It was arguably one of the craziest things I’d ever done. But they bought it and I took over this brand news role – not only at our paper, but to the whole chain. This single move changed my career forever. I executed my plan. We built the social accounts, did the training, made the blogger network – which is still in existence and makes the Enquirer $
In 2008, I was worried. While on furlough from my job, I created my own website, Zombie Journalism, mostly as a way to establish myself online. I wanted to make a name for myself outside of my employer. I started blogging about social media and digital media, what we were doing in Cincinnati, what was going on elsewhere. I followed and made it a point to interact with major media figures in social media and journalism. I acted like I belonged in their class. It was there that I connected with Steve Buttry, a self-made expert on social media in journalism. He had been working in Cedar Rapids, Iowa when I helped him with a guide for Twitter.
I had been reading on Twitter and industry sites about a high profile, but mysterious news startup coming together in DC. It was going to be started by Jim Brady, a journalist well-known for his leadership at Washington Post Online, and the folks behind Politico. I wanted in. When I heard they hired Steve Buttry, I immediately direct messaged him and told him, “I want in.” I wanted something new, even if it was unreliable.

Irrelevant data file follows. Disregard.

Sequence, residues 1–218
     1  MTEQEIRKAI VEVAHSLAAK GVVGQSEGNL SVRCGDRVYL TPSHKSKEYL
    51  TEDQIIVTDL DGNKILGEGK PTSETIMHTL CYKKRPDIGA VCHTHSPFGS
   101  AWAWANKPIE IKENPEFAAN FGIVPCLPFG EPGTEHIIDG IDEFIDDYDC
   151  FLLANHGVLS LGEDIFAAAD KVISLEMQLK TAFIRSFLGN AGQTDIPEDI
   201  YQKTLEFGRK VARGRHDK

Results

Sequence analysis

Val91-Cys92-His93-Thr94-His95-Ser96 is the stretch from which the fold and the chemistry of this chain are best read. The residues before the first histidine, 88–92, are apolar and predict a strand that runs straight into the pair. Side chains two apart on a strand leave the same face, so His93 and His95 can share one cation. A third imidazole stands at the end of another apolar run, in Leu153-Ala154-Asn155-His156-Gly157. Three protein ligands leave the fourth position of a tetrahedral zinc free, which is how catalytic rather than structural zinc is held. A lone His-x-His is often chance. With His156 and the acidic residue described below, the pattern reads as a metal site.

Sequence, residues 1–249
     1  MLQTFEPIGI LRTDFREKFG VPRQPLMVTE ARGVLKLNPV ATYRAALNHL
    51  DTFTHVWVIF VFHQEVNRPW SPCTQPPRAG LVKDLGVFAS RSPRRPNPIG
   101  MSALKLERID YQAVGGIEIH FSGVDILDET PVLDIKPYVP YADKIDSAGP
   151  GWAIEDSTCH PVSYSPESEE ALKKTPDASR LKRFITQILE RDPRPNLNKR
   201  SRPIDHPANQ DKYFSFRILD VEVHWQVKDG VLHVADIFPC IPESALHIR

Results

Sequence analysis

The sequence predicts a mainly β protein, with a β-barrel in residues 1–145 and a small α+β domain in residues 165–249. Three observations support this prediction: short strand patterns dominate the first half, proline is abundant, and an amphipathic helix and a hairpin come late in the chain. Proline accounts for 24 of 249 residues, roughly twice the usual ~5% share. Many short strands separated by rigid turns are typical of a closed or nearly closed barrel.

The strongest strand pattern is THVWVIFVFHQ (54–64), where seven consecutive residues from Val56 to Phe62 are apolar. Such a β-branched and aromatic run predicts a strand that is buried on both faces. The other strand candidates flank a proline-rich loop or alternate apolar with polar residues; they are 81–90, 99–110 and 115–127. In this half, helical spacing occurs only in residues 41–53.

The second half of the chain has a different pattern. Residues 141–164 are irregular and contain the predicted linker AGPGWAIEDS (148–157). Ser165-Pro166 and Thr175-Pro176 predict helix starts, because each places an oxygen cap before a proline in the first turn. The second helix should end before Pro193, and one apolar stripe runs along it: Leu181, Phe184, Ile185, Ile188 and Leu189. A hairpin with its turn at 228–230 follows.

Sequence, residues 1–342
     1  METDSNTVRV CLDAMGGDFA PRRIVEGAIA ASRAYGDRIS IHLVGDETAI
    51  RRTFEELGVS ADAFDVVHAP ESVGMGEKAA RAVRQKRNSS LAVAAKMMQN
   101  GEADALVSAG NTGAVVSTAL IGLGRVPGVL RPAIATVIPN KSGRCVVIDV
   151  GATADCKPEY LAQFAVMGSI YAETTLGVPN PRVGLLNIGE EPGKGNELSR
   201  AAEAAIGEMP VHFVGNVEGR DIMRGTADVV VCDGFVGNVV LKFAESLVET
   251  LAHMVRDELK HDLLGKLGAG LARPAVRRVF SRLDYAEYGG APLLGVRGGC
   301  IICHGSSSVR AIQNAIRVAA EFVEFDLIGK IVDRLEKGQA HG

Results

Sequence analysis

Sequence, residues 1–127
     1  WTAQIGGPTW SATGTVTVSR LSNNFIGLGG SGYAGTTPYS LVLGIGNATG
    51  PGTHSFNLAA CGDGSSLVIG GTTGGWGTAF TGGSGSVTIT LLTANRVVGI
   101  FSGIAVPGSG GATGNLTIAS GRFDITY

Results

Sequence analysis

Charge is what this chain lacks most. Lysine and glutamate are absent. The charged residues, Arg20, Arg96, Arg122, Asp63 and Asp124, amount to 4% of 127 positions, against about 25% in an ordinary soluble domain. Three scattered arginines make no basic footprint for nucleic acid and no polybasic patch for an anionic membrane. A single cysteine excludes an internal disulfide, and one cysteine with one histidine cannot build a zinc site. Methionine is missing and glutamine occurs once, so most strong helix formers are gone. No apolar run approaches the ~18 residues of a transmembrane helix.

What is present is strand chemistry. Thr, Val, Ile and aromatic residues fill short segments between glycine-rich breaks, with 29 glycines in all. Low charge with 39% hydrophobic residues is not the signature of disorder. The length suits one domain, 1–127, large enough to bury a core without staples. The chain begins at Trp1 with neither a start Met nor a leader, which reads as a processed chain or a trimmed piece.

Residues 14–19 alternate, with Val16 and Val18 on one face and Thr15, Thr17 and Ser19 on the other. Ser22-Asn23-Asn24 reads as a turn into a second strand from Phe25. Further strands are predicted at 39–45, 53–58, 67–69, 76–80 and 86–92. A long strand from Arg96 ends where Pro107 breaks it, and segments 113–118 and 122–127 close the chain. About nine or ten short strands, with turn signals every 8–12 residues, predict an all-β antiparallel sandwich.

TBD was one of the best jobs I ever had. It was my first time in a truly digital newsroom and my first time getting to start something ground up. Probably the most talented staff I’ve ever worked with, though my current one rivals it.
Nine months after we started TBD and things seemed to be going well, the owners abruptly decided to shut it down. We all lost our jobs. It was one of the worst days of my life.
But it was also one of the best days. From the time I announced on Twitter that we were being laid off, which was around 11 am, to 7pm that day, I had dozens of calls, emails and direct messages offering me interviews for positions at companies that I couldn’t even get an email returned from a year earlier. My network really came through for me. And it demonstrates why the risk of going to TBD was so worth it: It gave me a platform from which to propel myself to the next level. I did not spend a day out of work. The risk was well worth it.
One of those companies I had applied to numerous times in the past and never even got a call back was HuffPost. While there, I got a chance to work somewhat autonomously and volunteered to restart their citizen journalism program, OfftheBus. About a year in, I caught wind that my old bosses, Jim Brady and Steve Buttry had a new startup in mind. Everyone I knew said it was crazy to leave the rocket ship that was HuffPost, but I wanted another shot at working with these great journalists I respected.